Until I learned the recipe for today’s entry, I always assumed that beef jerky was cultivated from unicorn tenderloin, marinated in puppy dog kisses, and dehydrated in a machine which derived as its energy source the hopes and dreams of small children. Actually, it wouldn’t surprise me if this was still the case, because beef jerky is delicious. In fact, after careful scientific processes performed in a manner commensurate with my position as a Registered Scientist, I have come to the scientific conclusion that, scientifically speaking, beef jerky is, for all scientific intents and scientific purposes, “the bees’ knees.” For most people, beef jerky is an afterthought, purchased on a trip to the convenience store or while in line at le supermarche. I, on the other hand, not only make sure to note on my grocery list that I need beef jerky, but also indicate which brand I should buy – such is my devotion to the dehydrated delicacy. But not only are there so many brands from which to choose, but so many styles, as well! How is one to pick the jerky which will fit not only the palate, but the unique circumstances, of the purchaser? Well, my curious culinarian, allow me to be your Virgil as we map out the varied terrain of the jerky landscape… But first, allow me to quickly travel a divergent path, and show you how to make your own beef jerky.
Slice some flank steak into thin strips (freezing the meat prior to slicing helps), then marinate for several hours in a mixture of HP sauce, liquid smoke, Worcestershire sauce, soy sauce, honey, black pepper, and red pepper flakes. To dehydrate, simply bungee three or four air conditioning filters onto a box fan, having placed your marinated strips in the grooves. Place the fan at an angle, and blast away for about 12 hours. Boom! Beef jerky. But, if you’re suffering from the jerky DT’s and need a fix right away, let’s discuss your options:
Jack Link’s Beef Jerky
Jack Links offers an ass-load of jerky products and I’m pretty sure I’ve tried them all. In one sitting. And, inasmuch as I enjoy jerky of all kinds, Jack Links may represent the worst of the protein pantheon that is beef jerky. Sure, the buffalo wing nuggets are good, and the prime rib strips satisfying, but there’s just something…off about the texture and marinade. It’s like watching Funny Girl after you learned that Barbara Streisand was born with male genitalia. You still dance around to it dressed in your mom’s clothes, but something about it just wasn’t as great as it had been.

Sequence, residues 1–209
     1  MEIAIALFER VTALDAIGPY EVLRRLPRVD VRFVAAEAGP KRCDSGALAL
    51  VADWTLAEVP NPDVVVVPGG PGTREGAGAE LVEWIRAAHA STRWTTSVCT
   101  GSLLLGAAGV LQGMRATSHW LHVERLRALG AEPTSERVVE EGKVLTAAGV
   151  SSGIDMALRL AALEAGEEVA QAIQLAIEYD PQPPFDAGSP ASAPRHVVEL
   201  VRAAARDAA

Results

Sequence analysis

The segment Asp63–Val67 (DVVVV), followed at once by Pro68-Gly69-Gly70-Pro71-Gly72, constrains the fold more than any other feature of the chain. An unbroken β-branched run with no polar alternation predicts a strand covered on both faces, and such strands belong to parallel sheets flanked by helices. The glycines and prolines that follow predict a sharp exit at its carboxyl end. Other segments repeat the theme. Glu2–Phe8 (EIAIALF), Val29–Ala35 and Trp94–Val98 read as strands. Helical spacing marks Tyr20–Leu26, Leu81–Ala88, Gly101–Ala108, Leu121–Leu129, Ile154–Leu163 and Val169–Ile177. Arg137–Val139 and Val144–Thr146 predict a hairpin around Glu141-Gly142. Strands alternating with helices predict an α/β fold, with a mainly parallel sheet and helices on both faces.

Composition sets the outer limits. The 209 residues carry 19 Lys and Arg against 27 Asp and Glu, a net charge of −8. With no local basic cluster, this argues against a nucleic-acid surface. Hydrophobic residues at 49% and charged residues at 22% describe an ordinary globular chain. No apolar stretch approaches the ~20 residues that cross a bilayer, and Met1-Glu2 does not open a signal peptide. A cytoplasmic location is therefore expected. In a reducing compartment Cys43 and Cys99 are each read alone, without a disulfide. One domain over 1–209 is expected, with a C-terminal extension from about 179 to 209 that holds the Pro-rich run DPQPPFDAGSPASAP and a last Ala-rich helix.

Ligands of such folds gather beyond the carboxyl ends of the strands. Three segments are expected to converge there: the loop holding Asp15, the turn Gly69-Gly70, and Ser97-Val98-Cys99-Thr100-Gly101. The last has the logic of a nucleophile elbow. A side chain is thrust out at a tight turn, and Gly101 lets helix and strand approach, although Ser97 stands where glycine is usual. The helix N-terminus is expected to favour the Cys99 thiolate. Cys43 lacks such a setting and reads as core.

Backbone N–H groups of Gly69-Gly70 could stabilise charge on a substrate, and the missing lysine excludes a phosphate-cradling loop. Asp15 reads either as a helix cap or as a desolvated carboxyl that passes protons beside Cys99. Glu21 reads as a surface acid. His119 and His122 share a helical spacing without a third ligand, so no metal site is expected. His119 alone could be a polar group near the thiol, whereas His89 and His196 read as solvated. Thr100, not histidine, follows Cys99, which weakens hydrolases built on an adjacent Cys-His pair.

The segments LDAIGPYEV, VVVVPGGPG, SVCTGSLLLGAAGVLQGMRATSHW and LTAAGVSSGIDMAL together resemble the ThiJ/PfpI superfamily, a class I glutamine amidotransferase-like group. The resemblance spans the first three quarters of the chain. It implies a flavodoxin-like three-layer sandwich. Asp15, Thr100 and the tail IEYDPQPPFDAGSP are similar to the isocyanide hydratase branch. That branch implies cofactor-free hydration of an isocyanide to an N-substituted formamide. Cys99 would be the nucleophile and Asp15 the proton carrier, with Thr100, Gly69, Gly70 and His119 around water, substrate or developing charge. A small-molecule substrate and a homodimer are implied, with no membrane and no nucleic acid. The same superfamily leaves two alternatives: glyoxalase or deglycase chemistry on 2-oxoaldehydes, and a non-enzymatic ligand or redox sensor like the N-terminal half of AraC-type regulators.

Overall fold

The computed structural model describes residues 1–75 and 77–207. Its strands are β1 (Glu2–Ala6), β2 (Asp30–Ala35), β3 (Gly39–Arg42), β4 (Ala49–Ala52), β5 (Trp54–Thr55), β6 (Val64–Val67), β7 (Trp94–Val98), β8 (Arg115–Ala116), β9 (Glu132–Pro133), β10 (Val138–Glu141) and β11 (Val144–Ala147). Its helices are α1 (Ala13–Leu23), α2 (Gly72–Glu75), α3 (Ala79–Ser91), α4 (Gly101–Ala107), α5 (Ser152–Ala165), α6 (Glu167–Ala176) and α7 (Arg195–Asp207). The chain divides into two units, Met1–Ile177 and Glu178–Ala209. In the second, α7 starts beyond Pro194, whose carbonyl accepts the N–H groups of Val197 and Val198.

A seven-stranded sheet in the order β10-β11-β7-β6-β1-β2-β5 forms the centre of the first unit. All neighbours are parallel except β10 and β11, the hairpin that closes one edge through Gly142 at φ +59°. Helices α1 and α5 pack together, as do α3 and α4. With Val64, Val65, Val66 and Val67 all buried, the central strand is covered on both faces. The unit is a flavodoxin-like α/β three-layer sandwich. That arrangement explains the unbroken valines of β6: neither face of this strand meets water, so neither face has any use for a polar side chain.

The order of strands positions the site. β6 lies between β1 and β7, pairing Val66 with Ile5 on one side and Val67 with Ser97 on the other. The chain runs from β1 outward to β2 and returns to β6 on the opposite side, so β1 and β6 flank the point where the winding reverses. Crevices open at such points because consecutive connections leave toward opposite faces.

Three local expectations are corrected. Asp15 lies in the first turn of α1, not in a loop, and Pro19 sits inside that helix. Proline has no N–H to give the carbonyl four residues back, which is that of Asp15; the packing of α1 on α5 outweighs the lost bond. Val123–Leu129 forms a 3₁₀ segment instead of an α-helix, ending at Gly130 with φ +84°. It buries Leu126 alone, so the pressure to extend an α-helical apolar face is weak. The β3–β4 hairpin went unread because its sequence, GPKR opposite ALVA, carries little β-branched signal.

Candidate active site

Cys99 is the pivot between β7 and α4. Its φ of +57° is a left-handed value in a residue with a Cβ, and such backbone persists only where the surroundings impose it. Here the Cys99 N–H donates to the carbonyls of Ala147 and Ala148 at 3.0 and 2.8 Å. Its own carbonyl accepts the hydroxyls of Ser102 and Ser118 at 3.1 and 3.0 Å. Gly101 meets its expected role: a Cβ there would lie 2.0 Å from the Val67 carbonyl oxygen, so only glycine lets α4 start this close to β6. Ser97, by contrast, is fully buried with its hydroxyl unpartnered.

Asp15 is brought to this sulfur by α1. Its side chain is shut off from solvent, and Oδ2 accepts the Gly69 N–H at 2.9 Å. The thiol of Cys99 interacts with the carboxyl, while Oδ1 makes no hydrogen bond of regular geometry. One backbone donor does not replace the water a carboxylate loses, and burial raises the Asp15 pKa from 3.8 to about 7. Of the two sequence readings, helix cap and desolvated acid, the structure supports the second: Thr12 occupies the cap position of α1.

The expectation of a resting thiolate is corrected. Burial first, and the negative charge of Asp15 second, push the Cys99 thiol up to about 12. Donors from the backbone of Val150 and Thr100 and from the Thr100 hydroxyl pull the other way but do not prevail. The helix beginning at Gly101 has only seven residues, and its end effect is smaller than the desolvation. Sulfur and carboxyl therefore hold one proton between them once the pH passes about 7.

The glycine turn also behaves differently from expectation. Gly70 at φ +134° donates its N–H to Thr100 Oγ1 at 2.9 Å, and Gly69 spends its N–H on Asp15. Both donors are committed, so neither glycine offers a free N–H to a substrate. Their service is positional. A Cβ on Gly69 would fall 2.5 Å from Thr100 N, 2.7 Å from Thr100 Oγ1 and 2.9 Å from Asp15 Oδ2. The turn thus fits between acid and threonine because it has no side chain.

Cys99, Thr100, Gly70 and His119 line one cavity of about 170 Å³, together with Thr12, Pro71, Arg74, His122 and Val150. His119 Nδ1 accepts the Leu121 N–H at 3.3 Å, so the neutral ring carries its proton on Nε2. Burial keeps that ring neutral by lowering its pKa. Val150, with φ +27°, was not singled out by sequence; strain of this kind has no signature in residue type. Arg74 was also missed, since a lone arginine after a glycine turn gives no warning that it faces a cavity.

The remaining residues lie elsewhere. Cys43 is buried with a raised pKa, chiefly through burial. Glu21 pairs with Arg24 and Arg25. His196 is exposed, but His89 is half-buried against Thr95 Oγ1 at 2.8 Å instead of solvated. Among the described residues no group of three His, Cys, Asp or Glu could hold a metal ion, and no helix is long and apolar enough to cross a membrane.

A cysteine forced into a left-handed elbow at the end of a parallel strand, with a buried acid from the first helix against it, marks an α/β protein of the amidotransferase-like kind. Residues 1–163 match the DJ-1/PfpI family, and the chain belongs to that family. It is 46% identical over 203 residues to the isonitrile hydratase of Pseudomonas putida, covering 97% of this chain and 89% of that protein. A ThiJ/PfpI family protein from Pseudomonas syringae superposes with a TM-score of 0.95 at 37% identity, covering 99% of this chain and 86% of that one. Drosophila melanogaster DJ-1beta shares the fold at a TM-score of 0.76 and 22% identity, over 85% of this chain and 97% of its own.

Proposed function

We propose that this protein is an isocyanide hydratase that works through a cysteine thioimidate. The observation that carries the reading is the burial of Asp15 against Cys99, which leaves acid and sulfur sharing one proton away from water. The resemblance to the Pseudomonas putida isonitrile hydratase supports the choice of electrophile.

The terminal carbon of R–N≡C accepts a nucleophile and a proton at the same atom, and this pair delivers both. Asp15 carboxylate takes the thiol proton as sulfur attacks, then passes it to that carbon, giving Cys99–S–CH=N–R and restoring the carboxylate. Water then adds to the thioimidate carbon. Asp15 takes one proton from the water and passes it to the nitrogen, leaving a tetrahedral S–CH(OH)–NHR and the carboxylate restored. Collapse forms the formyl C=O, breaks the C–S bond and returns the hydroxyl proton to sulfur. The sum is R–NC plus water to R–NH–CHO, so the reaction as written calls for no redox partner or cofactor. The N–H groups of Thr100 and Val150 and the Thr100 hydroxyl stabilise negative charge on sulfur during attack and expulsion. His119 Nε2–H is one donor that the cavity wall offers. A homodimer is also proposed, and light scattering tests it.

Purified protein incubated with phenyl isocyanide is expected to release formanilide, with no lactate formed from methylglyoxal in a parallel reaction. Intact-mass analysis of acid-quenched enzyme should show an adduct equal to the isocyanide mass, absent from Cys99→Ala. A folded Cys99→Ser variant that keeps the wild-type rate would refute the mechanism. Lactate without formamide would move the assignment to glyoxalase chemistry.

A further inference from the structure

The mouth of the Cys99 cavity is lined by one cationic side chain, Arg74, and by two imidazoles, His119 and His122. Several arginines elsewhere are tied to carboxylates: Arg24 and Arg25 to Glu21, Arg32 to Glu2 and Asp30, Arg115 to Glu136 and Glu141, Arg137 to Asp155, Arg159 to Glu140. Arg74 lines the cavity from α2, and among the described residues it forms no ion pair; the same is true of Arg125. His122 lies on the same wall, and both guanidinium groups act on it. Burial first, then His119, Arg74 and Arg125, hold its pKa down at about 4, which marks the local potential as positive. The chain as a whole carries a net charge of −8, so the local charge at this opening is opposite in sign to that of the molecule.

Frank’s Red Hot Beef Jerky
The beef is dry and sinewy and somewhat difficult to chew, and, quite frankly with Stephen A. Smith, I think this stuff is made partly out of notebook paper. That having been said, I fucking love this shit. Not because of the beef, mind you, but rather, because it’s marinated in Frank’s Red Hot. Frank’s, for those of you who don’t know because you’ve never been to college, is the best thing ever. Seriously, go ask God. I put Frank’s on everything, and believe me when I tell you that the strippers are getting sick of it. The whole reason that the beef here tastes so bad, I’m convinced, is because if they had put their wonderful hot sauce over something that was already delicious on its own, well, that would almost be too much for mankind to handle. It would create some sort of time/space/deliciousness paradox, from which nothing could escape.
Whole Foods Organic Beef Jerky
“Organic” is apparently a term of art when used in conjunction with beef jerky. Normally, “organic” implies natural ingredients. When coupled with jerky, however, it seems to mean “made from old belts.” Stick to eggs and lettuce, “organic;” I like my jerky with a plentiful patina of pesticides (and alliteration!).
I don’t know why I was surprised when this shit actually tasted like salmon, but I was. Not only that, but I was a little offended, too. I think I had secretly wanted salmon jerky to taste just like the regular beef kind. And Emmy Rossum. That the various animals I donated this to wouldn’t eat it, either, should speak volumes. The stupid thing is that I bought this shit twice. It’s as though it became a matter of principle, or something, that I get through a whole bag. And, while I almost took it the distance both times, it remains Salmon Jerky: 2, TCP: 0. Actually, I’m going to lay down a quick ground rule: jerky should only be consumed if it’s made from beef. Turkey, chicken, tuna, soy, or whatever else kind of jerky there may be, should never enter your mouth. Well, okay… maybe I’m being a bit harsh. Here’s an exception: if you happen to travel back in time to the eighties and meet a Weird Science-era Kelly LeBrock, and she will only sleep with you if you eat some jerky made of fish, then I guess it’s okay to do so. Anything short of this, though, and you’re running afoul of good taste.
The Best Jerky Ever